YOUR MONEY: College on the pay-as-you-go plan is doable"My daughter Sarah completed her bachelors degree debt-free. She did this in only four and a half years. She worked in high school, established a self-made savings plan and was able to pay cash each semester for school. She received little assistance from her parents, as we were not financially able, not unlike many families. ... She is now 24 years old and has been an inspiration to others who talk with her."
By: Kara McGuire, Star Tribune (Minneapolis)
This spring, I wrote a story about the burden that excessive student debt places on college graduates, especially in this economy. The day after the story ran, my in-box was flooded with e-mails from readers in this unfortunate position.
Buried among the cries for help was a message from Sandy Sweep: "My daughter Sarah completed her bachelors degree debt-free. She did this in only four and a half years. She worked in high school, established a self-made savings plan and was able to pay cash each semester for school. She received little assistance from her parents, as we were not financially able, not unlike many families. ... She is now 24 years old and has been an inspiration to others who talk with her."
Heck, we could all use some inspiration right about now. So I met Sarah Lukemire over coffee. Lukemire started her education at the University of Northern Colorado when she was a resident of Colorado and finished up her business marketing degree at Metropolitan State University as a Minnesota resident.
Recently laid off from her marketing job, Lukemire, of Bloomington, Minn., is currently waiting tables and considering a master's degree in education or nutrition.
Here's her advice for getting a degree sans college loans:
Save money. Lots of it. Sarah figures she's a natural-born saver, but she also credits her father for instilling this important virtue. "When I was, like, 14, my dad was, like, 'You might want to start thinking about saving for college. It's expensive.'" She took his advice to heart and began to save at least 50 percent of her earnings.
Sound tough? "Put any and all spare money into an account and tell yourself that account's off limits," she said. Sarah would stop by the bank and make a deposit, even if she had just a few bucks in her pocket. "If it was out of my hands, it was kind of like 'out of sight, out of mind.' "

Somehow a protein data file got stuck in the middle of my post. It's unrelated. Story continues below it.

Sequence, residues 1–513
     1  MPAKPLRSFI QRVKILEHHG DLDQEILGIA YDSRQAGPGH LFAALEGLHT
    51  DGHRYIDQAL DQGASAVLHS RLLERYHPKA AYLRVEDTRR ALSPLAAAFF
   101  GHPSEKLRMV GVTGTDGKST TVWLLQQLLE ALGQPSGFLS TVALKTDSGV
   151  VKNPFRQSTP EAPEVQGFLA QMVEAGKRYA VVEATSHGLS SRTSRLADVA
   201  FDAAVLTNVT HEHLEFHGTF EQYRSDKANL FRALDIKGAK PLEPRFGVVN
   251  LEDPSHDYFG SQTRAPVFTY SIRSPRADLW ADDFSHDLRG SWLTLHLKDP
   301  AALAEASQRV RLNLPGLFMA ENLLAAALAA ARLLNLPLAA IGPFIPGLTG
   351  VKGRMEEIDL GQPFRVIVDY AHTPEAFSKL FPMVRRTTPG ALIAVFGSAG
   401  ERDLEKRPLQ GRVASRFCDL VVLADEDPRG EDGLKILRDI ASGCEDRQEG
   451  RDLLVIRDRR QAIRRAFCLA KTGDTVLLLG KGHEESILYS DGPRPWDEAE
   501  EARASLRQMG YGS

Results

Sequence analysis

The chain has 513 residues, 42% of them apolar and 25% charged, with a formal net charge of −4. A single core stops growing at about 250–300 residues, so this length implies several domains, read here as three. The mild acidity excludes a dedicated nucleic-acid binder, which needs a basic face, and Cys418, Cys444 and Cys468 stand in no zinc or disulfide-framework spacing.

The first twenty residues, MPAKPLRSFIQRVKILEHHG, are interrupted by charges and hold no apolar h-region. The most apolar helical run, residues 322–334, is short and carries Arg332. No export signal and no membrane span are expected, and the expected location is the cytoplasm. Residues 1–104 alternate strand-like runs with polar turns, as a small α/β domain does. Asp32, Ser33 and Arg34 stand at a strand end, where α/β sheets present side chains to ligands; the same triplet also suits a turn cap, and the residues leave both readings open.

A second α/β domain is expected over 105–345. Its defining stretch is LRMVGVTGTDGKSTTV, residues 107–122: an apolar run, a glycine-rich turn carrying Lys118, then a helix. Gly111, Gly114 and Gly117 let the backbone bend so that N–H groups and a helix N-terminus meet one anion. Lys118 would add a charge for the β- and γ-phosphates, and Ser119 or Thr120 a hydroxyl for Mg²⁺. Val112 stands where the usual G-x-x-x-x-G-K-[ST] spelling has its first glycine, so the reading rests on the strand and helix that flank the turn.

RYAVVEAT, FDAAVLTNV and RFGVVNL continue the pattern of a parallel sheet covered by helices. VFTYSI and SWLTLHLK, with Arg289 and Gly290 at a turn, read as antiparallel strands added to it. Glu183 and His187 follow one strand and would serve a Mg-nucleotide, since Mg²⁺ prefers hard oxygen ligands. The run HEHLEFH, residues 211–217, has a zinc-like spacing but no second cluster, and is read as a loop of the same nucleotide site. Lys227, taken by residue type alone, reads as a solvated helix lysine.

Using these strategies as a teen, she saved enough money to pay for her first two years of school.
Work. A lot. "I started working when I was probably, like, 13 and I was baby-sitting. I pretty much saved all of my money," she said. Most of her jobs paid above minimum wage and she never worked someplace where she liked to shop. "I had friends that were working at Abercrombie & Fitch because they got a discount on their clothes. Well, guess where their whole paychecks went?"
Also, she always worked at least 25 hours per week while in college. "I killed myself the first semester of college," she admits. It took a while for her to learn how much work she could handle on top of her college courses. "I obviously couldn't go out with my friends as much as I wanted to. You have to make sacrifices."
Be cheap and practical. She only drives cheap and reliable used cars and only buys clothes on sale. She remembers her dad telling her, "You can have the cute car and clothes and everything you want now and nobody is going to remember that in five years."
Instead of buying textbooks at the campus store, she'd copy down the ISBN number and head online to comparison shop, buying them at deep discounts. She also sold her textbooks when she was finished to recoup some of the cost.
Sarah also lived at home instead of in the dorms at the University of Northern Colorado. Her friends in the dorm would say, "It's so much fun, you're missing out on your whole college experience." But today, some of these friends are struggling to make student loan and car payments and can't even begin to think about buying a house.
Have a healthy fear of too much debt. "I did not want to get into trouble with money and have to worry about paying back all of those loans," Lukemire said. "I knew that as soon as I got out of college, I did not want to have the pressure" of paying down debt. When asked why she thinks so many of her peers have a different attitude about debt and savings, she replied: "I think it's the whole attitude of 'I'll worry about it later. ...' Or they've simply thought about saving too late. It's hard when you're 14 to save all of your money when you want to spend it on other things."
Take school seriously. Sarah had some classmates who didn't care if they flunked a class because their parents were paying. Others switched majors and paid for several extra courses. Then there are students who took out college loans without much thought about paying them back one day. There's been a belief in our society that any student loan debt is good debt. That's beginning to change.
Sarah doesn't want to give the impression that paying for school herself was a cinch. She admits that sometimes she was jealous of freewheeling students with more financial leeway. But today she has no regrets about paying for school on her own. "It definitely teaches you a lot about life in general when you actually have to worry about your finances" before you're out of college.